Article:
|18WA288 Antietam Furnace
The Mt. Aetna iron furnace, popularly known as Antietam Furnace, was established by William James around 1761. In 1764, Baltimore merchant Barnabas Hughes and his sons purchased the land and 2/3 of the iron operation from James, who retained a 1/3 share in the iron furnace. By the time Barnabas Hughes died in 1766, his inventory indicated that the property probably included a store, house, saw mill, and forge. Seven indentured servants and eight enslaved individuals were listed in the inventory, and these people may have worked at the iron furnace.
Barnabas’ sons Daniel, Samuel, and John expanded the business after their father’s death, purchasing more land and adding to the infrastructure of their iron working operations across the region. Because of poor roads, the Antietam iron works probably concentrated on household goods that could be sold nearby, such as firebacks, dutch ovens, and pots. The American Revolution changed this business model, however, as the Hughes family won contracts to build cannons for the Continental Congress in 1776. Cannon production was profitable during the war, but the Antietam Furnace may not have been large enough for cannon production, and the Hughes brothers seem to have expanded other locations to meet the demand. The Hughes family may have shut down the smaller location in favor of its newer operations around 1775 or 1776. After the war, the industry’s profits declined. By 1783, the location had certainly been shut down. Not long after its abandonment, the furnace was dismantled and the site was filled in.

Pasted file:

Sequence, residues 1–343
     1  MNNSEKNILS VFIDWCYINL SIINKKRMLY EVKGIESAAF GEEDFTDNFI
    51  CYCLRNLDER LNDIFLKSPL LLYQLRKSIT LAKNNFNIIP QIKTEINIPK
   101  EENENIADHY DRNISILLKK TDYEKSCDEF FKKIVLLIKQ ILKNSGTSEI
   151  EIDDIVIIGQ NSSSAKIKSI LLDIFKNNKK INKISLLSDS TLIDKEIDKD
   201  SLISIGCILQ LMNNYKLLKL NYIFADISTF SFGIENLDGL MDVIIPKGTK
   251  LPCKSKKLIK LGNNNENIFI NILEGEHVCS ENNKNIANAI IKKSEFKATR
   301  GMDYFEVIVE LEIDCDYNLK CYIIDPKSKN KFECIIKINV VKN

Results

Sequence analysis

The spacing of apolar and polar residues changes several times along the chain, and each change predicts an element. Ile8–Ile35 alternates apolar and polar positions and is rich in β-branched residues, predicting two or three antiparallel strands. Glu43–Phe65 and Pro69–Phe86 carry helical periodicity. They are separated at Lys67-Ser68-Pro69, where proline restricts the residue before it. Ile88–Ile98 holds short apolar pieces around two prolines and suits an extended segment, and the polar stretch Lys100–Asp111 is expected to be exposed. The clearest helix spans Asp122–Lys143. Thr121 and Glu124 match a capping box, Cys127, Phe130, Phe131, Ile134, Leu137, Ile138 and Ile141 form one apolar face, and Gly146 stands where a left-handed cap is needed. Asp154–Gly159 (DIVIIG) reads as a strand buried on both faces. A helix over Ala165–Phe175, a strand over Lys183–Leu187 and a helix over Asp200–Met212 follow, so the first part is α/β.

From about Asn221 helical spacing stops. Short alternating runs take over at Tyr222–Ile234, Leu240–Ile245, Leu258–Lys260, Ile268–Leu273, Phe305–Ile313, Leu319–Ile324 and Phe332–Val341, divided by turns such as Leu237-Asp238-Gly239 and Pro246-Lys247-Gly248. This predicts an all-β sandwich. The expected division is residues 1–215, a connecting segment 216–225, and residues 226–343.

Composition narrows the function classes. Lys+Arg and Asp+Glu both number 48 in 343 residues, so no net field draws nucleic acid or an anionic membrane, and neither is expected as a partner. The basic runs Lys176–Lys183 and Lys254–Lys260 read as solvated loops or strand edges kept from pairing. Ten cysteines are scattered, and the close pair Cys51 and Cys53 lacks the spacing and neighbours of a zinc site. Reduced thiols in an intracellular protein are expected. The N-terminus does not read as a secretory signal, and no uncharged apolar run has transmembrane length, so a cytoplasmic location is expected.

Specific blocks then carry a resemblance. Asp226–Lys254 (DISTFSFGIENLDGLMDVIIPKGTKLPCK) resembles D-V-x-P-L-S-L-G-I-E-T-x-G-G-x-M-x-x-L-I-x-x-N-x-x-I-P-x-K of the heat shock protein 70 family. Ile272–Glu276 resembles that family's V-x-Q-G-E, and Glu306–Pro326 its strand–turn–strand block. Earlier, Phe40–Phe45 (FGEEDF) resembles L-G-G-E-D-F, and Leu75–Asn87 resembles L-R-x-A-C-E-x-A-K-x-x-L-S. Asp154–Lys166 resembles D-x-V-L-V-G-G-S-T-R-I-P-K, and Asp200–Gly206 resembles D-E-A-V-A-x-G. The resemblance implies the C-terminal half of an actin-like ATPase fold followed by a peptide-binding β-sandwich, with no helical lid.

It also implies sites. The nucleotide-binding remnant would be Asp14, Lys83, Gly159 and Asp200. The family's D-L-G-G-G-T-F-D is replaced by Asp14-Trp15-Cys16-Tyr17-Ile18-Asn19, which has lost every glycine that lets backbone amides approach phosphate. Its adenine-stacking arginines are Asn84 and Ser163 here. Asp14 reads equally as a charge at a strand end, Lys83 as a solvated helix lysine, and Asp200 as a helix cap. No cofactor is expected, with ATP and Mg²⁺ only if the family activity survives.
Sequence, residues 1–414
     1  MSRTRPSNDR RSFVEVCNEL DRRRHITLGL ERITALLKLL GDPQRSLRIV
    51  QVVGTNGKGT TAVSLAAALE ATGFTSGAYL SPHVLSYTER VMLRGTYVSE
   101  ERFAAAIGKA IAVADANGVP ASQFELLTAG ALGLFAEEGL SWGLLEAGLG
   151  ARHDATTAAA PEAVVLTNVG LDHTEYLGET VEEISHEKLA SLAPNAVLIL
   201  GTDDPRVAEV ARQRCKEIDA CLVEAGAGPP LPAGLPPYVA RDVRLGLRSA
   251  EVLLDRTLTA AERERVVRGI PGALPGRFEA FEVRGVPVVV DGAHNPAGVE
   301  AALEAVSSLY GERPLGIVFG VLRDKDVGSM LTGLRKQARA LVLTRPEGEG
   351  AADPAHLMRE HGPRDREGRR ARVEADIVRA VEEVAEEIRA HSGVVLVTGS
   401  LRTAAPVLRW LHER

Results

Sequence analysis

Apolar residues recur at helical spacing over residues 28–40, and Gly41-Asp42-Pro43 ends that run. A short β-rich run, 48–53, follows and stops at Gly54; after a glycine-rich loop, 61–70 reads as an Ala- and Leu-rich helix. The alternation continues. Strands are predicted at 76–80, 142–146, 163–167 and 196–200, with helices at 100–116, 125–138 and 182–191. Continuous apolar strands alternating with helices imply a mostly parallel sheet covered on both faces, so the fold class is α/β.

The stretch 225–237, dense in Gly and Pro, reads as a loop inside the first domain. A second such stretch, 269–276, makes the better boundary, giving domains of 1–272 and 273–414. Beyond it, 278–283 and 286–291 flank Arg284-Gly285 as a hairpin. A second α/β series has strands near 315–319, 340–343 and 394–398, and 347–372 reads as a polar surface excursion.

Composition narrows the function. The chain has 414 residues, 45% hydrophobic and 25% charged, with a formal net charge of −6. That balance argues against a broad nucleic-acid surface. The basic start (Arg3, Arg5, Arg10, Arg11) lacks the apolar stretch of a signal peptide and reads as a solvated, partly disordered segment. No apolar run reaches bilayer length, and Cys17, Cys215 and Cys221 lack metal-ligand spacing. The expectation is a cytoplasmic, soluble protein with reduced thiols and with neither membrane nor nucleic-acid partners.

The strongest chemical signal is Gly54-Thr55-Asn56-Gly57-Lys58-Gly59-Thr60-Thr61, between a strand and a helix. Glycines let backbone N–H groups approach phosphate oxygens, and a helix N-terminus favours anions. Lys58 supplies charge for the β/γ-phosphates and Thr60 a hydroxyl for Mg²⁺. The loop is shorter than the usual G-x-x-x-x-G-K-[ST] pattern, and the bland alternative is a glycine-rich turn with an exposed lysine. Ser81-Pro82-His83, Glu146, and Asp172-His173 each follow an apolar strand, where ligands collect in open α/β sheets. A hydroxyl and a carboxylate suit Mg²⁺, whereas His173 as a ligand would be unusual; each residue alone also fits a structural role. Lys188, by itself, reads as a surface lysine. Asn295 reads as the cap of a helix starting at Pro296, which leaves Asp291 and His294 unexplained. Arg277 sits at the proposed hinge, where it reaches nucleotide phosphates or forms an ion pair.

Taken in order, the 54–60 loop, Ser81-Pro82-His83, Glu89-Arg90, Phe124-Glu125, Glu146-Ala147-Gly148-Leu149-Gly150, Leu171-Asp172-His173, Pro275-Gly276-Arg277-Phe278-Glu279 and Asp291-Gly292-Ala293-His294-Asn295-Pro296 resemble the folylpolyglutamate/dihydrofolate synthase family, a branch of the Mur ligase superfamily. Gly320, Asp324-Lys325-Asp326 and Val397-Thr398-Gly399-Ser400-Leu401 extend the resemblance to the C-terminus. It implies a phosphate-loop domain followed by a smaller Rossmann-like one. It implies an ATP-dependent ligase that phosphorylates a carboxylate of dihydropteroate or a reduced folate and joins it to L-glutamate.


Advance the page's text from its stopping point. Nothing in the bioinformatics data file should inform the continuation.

Plan view of the Antietam Furnace excavations, adapted from Frye 1984.
The Antietam Furnace was discovered during an expansion of the Mt. Aetna Volunteer Fire Department station. Archaeological excavations were undertaken by the Maryland Historical Trust in 1982 and 1983. Initial research focused on a furnace stack, where ore was heated to extract iron, and a water wheel pit and shaft that generated power, possibly to drive bellows for the furnace. Wall foundations and other features uncovered between the stack and the wheel pit hint at the location of the bellows and a small forge where a blacksmith made tools for the operation.
Artifacts recovered at the site include firebacks, cast iron cooking vessels, and pig iron made at the site, tools, slag, and other waste products of the industry, and ceramics and personal items used by the people who worked there.
|Frye, Susan Winter
|Archeological excavations at the Antietam Iron Furnace complex (18WA288), Washington Co., Md. MHT Manuscript Series No. 37.
The Antietam Furnace archaeological collections are owned by the Maryland Historical Trust and curated at the Maryland Archaeological Conservation Laboratory.